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Buddhism

A Sutra Equal In Size To The Whole World
The holy writ that Zen masters admire is not one of parchment...

Life Consists In Conflict
Life consists in conflict. So long as man remains a social a...

The First Step In The Mental Training
Some of the old Zen masters are said to have attained to supr...

Introduction Of Zen Into China By Bodhidharma
An epoch-making event took place in the Buddhist history of C...

Zen And Supernatural Power
Yoga claims that various supernatural powers can be acquired ...

The Betterment Of Life
Again, people nowadays seem to feel keenly the wound of the ...

Man Is Good-natured According To Mencius
Oriental scholars, especially the Chinese men of letters, see...

The Introduction Of The So-to School Of Zen
This school was started by Tsing-Yuen (Sei-gen), an emine...

Enlightened Consciousness Is Not An Intellectual Insight
Enlightened Consciousness is not a bare intellectual insight,...

The Sermon Of The Inanimate
The Scripture of Zen is written with facts simple and familia...

The Beatitude Of Zen
We are far from denying, as already shown in the foregoing ch...

The Progress And Hope Of Life
How many myriads of years have passed since the germs of life...

Zen And The Regent Generals Of The Ho-jo Period
No wonder, then, that the representatives of the Samurai clas...

There Is No Mortal Who Is Non-moral Or Purely Immoral
The same is the case with the third and the fourth class of p...

The Great Person And Small Person
For these reasons Zen proposes to call man Buddha-natured or ...

The Resemblance Of The Zen Monk To The Samurai
Let us point out in brief the similarities between Zen and Ja...

The Honest Poverty Of The Zen Monk And The Samurai
Secondly, the so-called honest poverty is a characteristic of...

Let Go Of Your Idle Thoughts
A famous Zenist, Mu-go-koku-shi, is said to have replied ...

Man Is Both Good-natured And Bad-natured According To Yan Hiung Yo-yu
According to Yang Hiung and his followers, good is no less re...

Epicureanism And Life
There are a good many people always buoyant in spirit and mir...




Thing-in-itself Means Thing-knowerless








How, then, did philosophers come to consider reality to be unknowable
and hidden behind or beyond appearances? They investigated all the
possible presentations in different relationships, and put them all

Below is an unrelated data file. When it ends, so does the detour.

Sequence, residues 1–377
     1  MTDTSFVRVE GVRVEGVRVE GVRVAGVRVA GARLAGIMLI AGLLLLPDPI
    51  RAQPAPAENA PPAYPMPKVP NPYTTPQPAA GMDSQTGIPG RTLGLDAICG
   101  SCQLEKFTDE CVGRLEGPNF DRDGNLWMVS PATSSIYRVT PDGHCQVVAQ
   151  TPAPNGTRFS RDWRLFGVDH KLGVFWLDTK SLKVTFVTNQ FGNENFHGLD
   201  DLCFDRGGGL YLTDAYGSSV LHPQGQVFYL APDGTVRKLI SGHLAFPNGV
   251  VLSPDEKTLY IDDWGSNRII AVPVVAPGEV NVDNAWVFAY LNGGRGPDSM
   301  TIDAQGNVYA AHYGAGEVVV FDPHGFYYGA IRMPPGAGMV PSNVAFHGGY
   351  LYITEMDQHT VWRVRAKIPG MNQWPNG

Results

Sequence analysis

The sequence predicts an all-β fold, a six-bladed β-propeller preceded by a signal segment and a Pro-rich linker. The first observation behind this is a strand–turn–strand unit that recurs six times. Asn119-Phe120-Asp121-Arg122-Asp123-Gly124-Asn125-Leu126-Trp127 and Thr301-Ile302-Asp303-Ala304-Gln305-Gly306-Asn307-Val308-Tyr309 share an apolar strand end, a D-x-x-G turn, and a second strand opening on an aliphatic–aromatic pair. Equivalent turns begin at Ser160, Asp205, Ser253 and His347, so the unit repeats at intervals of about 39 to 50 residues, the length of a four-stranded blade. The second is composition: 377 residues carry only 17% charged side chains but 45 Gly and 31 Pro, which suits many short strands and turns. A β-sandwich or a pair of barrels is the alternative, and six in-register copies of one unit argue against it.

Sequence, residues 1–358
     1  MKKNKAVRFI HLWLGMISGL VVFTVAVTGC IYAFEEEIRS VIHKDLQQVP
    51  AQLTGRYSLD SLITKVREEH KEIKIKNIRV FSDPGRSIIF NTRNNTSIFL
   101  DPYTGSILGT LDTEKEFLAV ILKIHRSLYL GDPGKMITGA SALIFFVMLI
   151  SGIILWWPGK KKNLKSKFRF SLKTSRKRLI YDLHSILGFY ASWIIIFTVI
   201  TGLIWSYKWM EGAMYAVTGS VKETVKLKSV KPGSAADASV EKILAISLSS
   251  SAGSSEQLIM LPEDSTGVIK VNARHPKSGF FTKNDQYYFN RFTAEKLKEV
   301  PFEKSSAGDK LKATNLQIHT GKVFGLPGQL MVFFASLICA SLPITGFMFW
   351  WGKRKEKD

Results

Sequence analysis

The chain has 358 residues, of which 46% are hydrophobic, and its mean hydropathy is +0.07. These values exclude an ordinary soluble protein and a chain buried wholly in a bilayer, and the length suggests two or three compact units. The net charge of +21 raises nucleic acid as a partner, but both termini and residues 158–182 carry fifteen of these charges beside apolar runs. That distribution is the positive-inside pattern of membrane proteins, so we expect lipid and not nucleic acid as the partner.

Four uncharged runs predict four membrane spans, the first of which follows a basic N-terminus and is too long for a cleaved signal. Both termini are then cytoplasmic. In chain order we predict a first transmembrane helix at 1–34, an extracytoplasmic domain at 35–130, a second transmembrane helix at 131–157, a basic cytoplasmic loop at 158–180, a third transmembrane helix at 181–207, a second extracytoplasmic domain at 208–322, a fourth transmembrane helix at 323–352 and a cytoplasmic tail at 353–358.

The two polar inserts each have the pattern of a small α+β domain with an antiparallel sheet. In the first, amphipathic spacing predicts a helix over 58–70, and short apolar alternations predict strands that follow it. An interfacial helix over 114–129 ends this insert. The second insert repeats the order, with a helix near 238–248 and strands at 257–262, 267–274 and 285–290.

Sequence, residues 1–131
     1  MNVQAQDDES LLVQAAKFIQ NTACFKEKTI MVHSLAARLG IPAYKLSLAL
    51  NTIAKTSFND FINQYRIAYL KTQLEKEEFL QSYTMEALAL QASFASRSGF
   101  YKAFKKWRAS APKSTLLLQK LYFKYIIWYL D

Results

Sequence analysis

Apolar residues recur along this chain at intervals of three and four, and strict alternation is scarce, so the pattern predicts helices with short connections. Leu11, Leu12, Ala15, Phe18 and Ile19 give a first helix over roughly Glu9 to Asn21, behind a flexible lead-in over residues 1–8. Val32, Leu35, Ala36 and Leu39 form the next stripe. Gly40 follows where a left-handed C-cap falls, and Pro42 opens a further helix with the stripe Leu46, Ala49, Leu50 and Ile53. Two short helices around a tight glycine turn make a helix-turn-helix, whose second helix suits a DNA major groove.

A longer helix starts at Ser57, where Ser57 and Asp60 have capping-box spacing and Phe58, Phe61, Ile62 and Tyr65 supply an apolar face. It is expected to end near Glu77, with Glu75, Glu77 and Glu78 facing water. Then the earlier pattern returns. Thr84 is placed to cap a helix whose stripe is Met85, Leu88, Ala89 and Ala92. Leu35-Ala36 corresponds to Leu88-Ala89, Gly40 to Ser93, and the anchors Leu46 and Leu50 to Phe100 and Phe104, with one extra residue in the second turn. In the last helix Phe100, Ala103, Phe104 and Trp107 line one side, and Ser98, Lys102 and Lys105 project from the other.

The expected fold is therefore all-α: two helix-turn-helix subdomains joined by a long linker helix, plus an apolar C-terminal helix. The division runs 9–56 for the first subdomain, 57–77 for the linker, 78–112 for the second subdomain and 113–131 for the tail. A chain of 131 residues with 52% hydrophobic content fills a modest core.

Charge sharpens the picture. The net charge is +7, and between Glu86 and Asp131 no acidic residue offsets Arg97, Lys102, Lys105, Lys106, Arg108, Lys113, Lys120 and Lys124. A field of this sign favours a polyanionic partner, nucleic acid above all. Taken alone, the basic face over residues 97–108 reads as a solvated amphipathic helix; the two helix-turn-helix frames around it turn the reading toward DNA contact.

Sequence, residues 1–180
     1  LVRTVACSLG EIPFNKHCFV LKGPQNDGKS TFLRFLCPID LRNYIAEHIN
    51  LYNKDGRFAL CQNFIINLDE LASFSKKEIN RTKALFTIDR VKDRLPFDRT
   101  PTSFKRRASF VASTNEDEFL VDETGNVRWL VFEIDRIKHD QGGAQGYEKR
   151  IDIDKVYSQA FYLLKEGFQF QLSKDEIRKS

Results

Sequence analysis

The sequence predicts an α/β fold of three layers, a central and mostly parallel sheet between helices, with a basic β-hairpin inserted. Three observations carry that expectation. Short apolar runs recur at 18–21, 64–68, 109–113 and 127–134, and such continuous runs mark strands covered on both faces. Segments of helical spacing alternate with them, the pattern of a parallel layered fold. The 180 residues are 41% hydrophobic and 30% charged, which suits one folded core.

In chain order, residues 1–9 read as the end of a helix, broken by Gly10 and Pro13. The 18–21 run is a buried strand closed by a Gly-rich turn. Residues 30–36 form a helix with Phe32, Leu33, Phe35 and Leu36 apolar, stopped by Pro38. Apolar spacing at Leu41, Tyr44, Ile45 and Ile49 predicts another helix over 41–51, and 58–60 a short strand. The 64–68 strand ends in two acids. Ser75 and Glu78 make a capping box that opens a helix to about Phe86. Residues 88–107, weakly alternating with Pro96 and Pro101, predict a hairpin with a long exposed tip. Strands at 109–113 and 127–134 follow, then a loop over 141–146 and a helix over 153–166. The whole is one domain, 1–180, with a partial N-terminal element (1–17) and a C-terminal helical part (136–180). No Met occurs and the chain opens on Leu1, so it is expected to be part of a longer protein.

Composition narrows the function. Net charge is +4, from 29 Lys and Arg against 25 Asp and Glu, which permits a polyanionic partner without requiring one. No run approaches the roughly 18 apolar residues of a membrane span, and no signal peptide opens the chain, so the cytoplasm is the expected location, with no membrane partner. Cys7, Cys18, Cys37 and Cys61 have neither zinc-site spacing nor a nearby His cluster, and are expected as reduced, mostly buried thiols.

aside as appearances, and brooded on the thing-in-itself, shut out
from all possible relationship, and declared it unknowable.
Thing-in-itself means thing cut off from all possible relationships.
To, put it in another way: thing-in-itself means thing deprived of
its relation to its knower--that is to say, thing-knower-less. So
that to declare thing-in-itself unknowable is as much as to declare
thing-unknowable unknowable; there is no doubt about it, but what
does it prove?

Deprive yourself of all the possible relationships, and see what you
are. Suppose you are not a son to your parents, nor the husband to
your wife, nor the father to your children, nor a relative to your
kindred, nor a friend to your acquaintances, nor a teacher to your
students, nor a citizen to your country, nor an individual member to
your society, nor a creature to your God, then you get
you-in-yourself. Now ask yourself what is you-in-yourself? You can
never answer the question. It is unknowable, just because it is cut
off from all knowable relations. Can you thus prove that
you-in-yourself exist beyond or behind you?

In like manner our universe appears to us human beings as the
phenomenal world or presentation. It might appear to other creatures
of a different mental constitution as something else. We cannot
ascertain how it might seem to Devas, to Asuras, to angels, and to
the Almighty, if there be such beings. However different it might
seem to these beings, it does not imply that the phenomenal world is
unreal, nor that the realm of reality is unknowable.

'Water,' the Indian tradition has it, 'seems to man as a drink, as
emerald to Devas, as bloody pus to Pretas, as houses to fishes.'
Water is not a whit less real because of its seeming as houses to
fishes, and fishes' houses are not less real because of its seeming
as emerald to Devas. There is nothing that proves the unreality of
it. It is a gross illusion to conceive reality as transcendental to
appearances. Reality exists as appearances, and appearances are
reality known to human beings. You cannot separate appearances from
reality, and hold out the latter as the object of aspiration at the
cost of the former. You must acknowledge that the so-called realm of
reality which you aspire after, and which you seek for outside or
behind the phenomenal universe, exists here on earth. Let Zen
teachers tell you that "the world of birth and death is the realm of
Nirvana"; "the earth is the pure land of Buddha."






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